Over the last several years, I’ve written blog posts predicting a few things I think might be possible both in and out of education.
Today, I sent home the following letter about sexting and cyberbullying via a couple of different apps that we’ve become privy to here.
In January of this year, I made a set often more predictionsthat I thought were sure to go wrong in 2015(remember, “bold” is in the title). Now for the moment of truth, let’s see how I did.
We still have a lot of dinosaurs walking the earth in education, namely the major textbook companies. What is going to happen to them?
What excites me about this year’s event (this Friday, November 6th) is the way the team is ramping up the interaction.
This year, more than ever it seems that the "Big 3" textbook companies are committing digital murder while letting districts deal with cleaning the blood-splattered data off the walls.
The last few challengesare especiallygeared toward real-world problem solving and will hopefully make a dent in those“Tech Problem-solving” stats in the future.
The rise of apps like Meerkat and Periscope have caused me to be both excited and skeptical of their use in education.
Take the site visit portion ofEduCon, the playfulness andinteractionof iPadpalooza, the story sharing of an EdCamp, and sprinkle in some engaging Keynote speakers and you have iEngage.
After some back and forth with the Texas Education Agency (TEA) and the commissioner, last spring we were granted the ability to pilot using iPads as graphing calculators during the state assessment.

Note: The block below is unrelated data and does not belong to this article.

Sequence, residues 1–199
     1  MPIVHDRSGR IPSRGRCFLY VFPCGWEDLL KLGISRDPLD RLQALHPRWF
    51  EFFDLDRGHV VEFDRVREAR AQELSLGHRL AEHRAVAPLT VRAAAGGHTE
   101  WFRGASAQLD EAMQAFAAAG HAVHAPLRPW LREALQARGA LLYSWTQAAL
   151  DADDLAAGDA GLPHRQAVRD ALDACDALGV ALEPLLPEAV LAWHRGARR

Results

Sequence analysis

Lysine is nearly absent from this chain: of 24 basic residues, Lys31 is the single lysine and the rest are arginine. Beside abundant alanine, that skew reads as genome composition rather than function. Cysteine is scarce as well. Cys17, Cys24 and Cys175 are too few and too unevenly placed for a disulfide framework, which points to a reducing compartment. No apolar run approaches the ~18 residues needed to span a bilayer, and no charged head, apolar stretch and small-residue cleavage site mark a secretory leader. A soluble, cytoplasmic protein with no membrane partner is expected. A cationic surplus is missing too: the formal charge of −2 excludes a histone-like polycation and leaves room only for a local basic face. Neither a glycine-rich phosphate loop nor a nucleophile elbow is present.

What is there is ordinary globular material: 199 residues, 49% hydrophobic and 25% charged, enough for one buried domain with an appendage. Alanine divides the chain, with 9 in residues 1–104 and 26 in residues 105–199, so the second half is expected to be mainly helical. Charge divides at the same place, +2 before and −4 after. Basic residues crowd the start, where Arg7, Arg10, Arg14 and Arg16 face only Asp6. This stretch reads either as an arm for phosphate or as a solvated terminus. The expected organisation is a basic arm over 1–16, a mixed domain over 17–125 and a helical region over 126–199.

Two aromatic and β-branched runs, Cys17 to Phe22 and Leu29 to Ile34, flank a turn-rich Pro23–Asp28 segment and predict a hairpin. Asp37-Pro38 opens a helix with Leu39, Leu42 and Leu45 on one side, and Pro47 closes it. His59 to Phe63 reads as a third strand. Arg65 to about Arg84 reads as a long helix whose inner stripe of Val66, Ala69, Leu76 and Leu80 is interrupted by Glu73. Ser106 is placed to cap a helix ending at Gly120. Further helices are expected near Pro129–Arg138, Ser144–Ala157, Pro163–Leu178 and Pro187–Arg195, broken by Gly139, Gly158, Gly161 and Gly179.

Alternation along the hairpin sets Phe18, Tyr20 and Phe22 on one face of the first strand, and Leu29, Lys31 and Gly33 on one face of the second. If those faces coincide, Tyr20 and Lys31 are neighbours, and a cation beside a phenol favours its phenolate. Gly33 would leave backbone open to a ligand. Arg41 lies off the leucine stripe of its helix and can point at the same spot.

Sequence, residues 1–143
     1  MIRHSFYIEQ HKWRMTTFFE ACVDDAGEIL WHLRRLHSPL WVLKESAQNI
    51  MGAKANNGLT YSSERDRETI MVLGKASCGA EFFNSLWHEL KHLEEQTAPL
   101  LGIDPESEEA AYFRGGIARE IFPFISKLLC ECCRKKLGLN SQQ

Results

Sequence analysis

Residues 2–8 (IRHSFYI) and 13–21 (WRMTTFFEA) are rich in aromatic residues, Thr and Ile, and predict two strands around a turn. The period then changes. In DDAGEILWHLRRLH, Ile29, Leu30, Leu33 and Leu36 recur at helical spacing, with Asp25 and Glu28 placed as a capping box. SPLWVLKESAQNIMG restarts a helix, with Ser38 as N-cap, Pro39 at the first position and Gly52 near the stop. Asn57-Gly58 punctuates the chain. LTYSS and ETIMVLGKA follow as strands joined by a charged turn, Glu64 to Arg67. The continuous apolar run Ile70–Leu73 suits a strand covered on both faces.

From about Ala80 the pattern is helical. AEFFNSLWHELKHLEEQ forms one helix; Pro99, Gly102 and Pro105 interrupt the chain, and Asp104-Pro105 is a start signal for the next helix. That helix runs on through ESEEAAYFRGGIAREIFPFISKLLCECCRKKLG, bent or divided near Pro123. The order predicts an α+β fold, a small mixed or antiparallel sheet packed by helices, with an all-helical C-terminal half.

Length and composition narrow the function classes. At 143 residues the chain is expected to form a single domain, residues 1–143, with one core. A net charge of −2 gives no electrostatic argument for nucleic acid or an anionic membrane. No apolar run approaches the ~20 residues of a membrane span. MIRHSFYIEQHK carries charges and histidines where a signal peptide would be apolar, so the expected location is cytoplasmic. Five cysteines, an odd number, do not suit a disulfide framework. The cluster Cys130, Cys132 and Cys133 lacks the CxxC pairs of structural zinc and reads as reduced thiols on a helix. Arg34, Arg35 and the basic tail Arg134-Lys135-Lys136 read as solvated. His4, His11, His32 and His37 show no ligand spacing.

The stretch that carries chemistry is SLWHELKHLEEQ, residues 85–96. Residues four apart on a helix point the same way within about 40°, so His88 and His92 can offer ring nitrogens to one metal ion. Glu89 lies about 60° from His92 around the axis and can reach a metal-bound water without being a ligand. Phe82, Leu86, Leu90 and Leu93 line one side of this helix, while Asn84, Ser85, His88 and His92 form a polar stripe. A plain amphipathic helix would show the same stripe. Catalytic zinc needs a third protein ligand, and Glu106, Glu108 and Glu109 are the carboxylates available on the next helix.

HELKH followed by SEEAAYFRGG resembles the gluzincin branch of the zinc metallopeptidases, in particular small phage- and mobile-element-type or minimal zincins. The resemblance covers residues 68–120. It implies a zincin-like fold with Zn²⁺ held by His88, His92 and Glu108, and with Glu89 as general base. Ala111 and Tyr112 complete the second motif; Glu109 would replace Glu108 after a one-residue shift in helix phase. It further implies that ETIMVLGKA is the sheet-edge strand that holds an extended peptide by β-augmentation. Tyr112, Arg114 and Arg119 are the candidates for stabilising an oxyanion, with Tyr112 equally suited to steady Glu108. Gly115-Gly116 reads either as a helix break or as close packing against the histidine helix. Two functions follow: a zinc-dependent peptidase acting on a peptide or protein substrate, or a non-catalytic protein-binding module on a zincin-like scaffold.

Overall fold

Irecently returned from a trip to the Youth Education & Technology Integration (Y.E.T.I.) conference and let me tell you, this was true greatness manifest in a conference.
Innovation is an annoying pest. It infects organizations and makes people uneasy because it’s usually accompanied by adisease called “change.”
"Live long and prosper." These famous words were often spoken (with accompanied hand salute) by Leonard Nemoy’s most famous character, the cerebral half-Vulcan Mr. Spock.
The latest in hidden photo-sharing apps could potentially cause trouble with our youth down the road, especially in the area of “sexting.”
These predictions are in fact “bold” and somewhat unlikely, but with the pace of change in technology you never know what is possible.
Where most districts fail (and where we failed initially) is that thinking a “parent night” type meeting or newsletter would be enough to notify parents of this disruptive change.
It was a vision of analternate universe that would have been my life and the life of this school district if we decided in 2011 not topilot this innovative idea of 1:1 iPads.